Sounds in the ocean

There are many sources of sound in the ocean, both natural and man-made. Marine mammals, such as the whale, communicate with unique signals underwater. Earthquakes under the seafloor and noise from ship engines form sound waves, which propagate in the sea. Acoustic receivers work like underwater hydrophones and are one of the tools we use for recording and collecting data.

We have expertise in obtaining research data in the sea using sound, so-called acoustic data. By placing hydrophones, we capture sounds in the sea. We can distinguish between different sound sources, such as earthquakes, ships, and animals and so on. Acoustic data can be used for research into, among other things, sea temperature and sea-ice conditions. We study how noise conditions change over time, for shorter or longer periods of time.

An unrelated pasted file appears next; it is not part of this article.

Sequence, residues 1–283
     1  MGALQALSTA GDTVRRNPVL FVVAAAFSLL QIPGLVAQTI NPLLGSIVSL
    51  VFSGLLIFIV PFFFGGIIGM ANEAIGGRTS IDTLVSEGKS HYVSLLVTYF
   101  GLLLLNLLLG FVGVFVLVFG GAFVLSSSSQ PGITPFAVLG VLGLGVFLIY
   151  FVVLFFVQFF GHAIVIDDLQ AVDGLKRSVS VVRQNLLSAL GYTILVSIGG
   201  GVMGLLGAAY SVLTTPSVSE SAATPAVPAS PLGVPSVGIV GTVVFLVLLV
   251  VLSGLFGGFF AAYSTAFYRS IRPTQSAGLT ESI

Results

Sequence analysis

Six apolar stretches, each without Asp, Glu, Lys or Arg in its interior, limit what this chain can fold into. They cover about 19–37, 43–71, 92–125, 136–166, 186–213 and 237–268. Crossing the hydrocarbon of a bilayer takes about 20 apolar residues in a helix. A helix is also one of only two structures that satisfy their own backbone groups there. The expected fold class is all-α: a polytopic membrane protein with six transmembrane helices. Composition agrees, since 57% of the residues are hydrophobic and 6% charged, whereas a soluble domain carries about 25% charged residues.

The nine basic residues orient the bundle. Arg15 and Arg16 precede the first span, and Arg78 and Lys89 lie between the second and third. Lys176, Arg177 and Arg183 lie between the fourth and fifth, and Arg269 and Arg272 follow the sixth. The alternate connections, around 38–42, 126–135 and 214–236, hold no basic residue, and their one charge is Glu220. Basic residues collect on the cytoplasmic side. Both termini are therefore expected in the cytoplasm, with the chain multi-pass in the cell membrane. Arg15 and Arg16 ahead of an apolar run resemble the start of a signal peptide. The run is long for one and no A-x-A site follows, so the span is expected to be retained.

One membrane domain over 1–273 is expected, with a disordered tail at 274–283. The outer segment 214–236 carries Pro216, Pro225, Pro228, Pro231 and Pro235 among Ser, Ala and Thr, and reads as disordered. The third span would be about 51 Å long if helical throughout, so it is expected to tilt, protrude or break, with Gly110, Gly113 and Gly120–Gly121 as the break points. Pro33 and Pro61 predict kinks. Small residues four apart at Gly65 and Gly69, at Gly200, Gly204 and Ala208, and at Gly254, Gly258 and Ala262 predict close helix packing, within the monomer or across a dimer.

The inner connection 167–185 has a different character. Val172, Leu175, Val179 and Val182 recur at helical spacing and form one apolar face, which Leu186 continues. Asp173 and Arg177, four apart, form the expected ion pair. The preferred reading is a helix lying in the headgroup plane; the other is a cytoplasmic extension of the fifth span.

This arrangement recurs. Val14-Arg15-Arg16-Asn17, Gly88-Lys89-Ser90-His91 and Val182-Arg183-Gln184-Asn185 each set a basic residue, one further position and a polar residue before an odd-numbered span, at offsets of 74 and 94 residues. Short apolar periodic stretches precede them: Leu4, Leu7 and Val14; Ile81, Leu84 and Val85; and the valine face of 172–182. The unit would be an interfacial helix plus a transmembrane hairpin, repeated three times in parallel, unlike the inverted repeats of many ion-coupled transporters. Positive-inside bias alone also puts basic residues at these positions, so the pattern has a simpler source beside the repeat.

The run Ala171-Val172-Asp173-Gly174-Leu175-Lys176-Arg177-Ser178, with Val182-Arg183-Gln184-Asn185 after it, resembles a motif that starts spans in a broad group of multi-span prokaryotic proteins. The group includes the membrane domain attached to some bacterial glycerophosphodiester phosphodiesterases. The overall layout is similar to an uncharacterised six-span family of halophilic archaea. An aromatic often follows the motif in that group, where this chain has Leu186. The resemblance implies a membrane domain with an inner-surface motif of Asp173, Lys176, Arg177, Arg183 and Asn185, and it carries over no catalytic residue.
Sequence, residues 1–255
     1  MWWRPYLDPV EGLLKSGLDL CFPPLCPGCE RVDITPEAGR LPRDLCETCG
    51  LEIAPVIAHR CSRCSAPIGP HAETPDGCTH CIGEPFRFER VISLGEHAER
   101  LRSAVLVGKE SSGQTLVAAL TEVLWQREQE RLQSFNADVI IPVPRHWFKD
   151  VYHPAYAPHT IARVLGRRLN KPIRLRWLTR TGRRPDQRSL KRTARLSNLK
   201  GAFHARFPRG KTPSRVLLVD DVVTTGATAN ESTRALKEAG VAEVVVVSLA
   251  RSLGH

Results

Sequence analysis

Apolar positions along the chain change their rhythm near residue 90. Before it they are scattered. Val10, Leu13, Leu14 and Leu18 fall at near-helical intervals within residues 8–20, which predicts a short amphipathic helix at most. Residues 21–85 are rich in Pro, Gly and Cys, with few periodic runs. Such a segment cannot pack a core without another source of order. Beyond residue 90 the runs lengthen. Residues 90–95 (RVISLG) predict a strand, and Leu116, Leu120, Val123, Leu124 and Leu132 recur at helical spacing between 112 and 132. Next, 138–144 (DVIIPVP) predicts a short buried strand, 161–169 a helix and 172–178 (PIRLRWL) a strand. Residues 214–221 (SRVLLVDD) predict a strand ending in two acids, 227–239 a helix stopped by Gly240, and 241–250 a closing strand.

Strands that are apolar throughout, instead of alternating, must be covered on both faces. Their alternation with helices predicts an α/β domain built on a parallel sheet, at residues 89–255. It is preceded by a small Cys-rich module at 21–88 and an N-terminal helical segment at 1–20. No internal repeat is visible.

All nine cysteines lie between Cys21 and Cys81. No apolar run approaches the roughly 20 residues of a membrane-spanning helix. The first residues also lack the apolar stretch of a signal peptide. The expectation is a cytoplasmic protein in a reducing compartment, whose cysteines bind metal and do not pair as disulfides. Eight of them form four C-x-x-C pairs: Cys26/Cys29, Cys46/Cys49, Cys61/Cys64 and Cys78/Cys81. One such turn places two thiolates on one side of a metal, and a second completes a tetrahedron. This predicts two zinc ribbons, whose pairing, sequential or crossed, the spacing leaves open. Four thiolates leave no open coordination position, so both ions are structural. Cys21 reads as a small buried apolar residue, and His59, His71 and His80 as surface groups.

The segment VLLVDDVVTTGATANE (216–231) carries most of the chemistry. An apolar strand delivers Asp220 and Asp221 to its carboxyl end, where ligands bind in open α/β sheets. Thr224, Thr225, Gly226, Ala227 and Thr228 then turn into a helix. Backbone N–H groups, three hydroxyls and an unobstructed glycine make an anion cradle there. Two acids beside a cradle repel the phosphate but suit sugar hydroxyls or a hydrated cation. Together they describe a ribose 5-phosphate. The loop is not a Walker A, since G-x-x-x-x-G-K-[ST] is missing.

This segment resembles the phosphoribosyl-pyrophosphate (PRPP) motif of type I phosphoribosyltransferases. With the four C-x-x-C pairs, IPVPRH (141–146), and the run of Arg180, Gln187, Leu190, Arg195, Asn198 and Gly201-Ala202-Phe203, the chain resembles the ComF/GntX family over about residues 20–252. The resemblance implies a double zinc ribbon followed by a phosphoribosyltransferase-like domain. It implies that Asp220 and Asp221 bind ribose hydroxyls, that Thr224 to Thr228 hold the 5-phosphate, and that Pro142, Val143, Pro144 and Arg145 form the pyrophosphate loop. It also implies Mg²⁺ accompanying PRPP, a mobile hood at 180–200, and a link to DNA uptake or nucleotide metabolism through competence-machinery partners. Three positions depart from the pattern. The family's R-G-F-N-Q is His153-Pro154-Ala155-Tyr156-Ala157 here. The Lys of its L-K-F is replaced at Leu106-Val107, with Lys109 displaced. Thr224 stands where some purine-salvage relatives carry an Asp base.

The Arctic is melting and will lead to increased activity in the Arctic Ocean, which will in turn produce more natural and man-made sounds under water. More sound and noise can affect marine life. Information about such changes provides important knowledge for future planning and regulation of activities in these particularly vulnerable areas.

For more information, contact research leader Hanne Sagen.


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Client: Research Council of Norway
Project owner: University of Bergen
Project leader at the Nansen Center: Hanne Sagen
Client: European Commission
Project owner: Nansen Center
Project leader at the Nansen Center: Hanne Sagen